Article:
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‘We need the literature of other countries to expand our
horizons and stimulate our ideas. Without it, we are not only
diminished, we are starved’
(The Times, Magnus Linklater 29/06/05)
A Dog's Life
by Christine Nostlinger
Age Range: 9-11
Although Dog is past retirement age and a widower with grown-up children, he wants to find something worthwhile to do. He’s had a long life but not much experience, so he decides to leave home and go out into the wide world – perhaps he can make himself useful; perhaps there are people that need him. Dog sells his home (to a donkey) and leaves with a red case in his right forepaw, a blue travelling case in his left forepaw, wearing a black fedora hat, striped scarf wound round his neck three times and a big green pouch tied round his waist.
On his travels he becomes an actor, bouncer, teacher and even foster-parent to thirty kittens. Along the way he meets a variety of characters including the Gambling Pig, the headmaster Bear, Tom Cat and the widow Olga.
Dog is incredibly kind-hearted and generous to a fault – helping out his friends when they need him most but this inadvertently gets him into all sorts of scrapes – after spending the night in a school without permission he’s mistaken for the new teacher so ends up teaching under false pretences; after a brief stay in hospital he lands in trouble when he tries to help out Tom Cat and finds himself on the run from the police and the authorities.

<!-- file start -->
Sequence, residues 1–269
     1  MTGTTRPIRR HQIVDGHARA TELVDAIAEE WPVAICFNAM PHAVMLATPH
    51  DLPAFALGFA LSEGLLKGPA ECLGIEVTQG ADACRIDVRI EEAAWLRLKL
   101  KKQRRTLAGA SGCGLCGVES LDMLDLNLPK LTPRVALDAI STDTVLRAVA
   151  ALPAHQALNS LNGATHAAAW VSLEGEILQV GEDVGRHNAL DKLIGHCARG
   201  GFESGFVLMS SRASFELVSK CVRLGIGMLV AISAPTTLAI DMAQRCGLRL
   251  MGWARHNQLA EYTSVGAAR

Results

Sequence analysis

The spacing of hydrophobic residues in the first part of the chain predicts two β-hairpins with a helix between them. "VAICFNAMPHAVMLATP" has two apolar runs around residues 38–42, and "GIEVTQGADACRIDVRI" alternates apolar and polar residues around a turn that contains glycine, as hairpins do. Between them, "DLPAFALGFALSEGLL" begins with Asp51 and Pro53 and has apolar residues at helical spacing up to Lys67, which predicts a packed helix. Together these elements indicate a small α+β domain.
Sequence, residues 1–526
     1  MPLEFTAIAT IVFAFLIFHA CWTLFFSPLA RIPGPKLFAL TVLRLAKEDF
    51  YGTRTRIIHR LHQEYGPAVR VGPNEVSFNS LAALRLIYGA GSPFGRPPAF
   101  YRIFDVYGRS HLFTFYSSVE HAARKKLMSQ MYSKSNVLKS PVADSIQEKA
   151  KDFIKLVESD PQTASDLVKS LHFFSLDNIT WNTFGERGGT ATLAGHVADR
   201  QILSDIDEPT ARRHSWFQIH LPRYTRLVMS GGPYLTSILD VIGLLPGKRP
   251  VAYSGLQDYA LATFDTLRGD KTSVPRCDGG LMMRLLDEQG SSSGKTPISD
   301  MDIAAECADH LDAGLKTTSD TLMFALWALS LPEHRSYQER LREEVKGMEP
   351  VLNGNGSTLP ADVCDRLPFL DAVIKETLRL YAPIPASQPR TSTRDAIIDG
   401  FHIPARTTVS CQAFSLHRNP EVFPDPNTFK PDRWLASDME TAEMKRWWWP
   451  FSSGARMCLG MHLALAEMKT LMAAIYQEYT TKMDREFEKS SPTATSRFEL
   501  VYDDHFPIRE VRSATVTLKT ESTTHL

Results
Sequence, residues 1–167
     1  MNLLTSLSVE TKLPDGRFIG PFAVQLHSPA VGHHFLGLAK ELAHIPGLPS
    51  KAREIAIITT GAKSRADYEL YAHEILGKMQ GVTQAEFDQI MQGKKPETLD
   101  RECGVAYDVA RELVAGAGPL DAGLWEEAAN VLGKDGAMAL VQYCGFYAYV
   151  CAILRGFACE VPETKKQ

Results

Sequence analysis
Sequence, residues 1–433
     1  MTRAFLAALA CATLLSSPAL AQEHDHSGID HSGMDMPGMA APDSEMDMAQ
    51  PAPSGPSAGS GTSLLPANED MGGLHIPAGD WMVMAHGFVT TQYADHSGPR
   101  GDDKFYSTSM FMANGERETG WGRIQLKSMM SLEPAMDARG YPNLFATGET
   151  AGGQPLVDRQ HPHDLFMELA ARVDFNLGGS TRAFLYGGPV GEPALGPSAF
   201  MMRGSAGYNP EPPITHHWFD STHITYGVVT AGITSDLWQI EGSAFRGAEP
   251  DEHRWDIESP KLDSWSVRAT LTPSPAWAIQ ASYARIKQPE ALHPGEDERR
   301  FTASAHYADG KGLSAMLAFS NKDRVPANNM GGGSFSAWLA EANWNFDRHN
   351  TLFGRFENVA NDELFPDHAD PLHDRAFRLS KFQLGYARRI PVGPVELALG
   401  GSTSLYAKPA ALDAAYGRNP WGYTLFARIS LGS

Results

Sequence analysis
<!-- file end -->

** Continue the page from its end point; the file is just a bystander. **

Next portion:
There are hidden depths to this novel by prize-winning Austrian novelist Christine Nöstlinger. With its sparkling translation, by one of the doyenne’s of translation, award-winning Anthea Bell, A Dog’s Life conveys humour, has engaging characters as well as clever political observations: Tom Cat has to look after his kittens because the mother cats have set up a ‘mother-cats movement to fight for equal rights and equal share of duties, or there is the discrimination of the widow Olga against cats.
The dialogue is often funny but with lovely nuggets of wisdom – when Dog tells Bear and the widow Olga that ‘there’s nothing worse for children than quarrels and arguments. It makes the mind feel dirty, and you can’t wash dirt off the mind’ or when Dog laments the fact that all he ever wanted to do was help people ‘but now the police are after me,’ said the dog. ‘I don’t call that fair.’ ‘It all comes of these silly laws,’ said the bear. ‘We ought to go into politics and pass better laws’ … ‘No politics, I beg you’ said the dog. ‘Politics is a dirty business!’
With lovely, humorous black-and-white illustrations by German artist Jutta Bauer, A Dog’s Life is a gem of a book that has as much meaning today as it did when first published in 1990.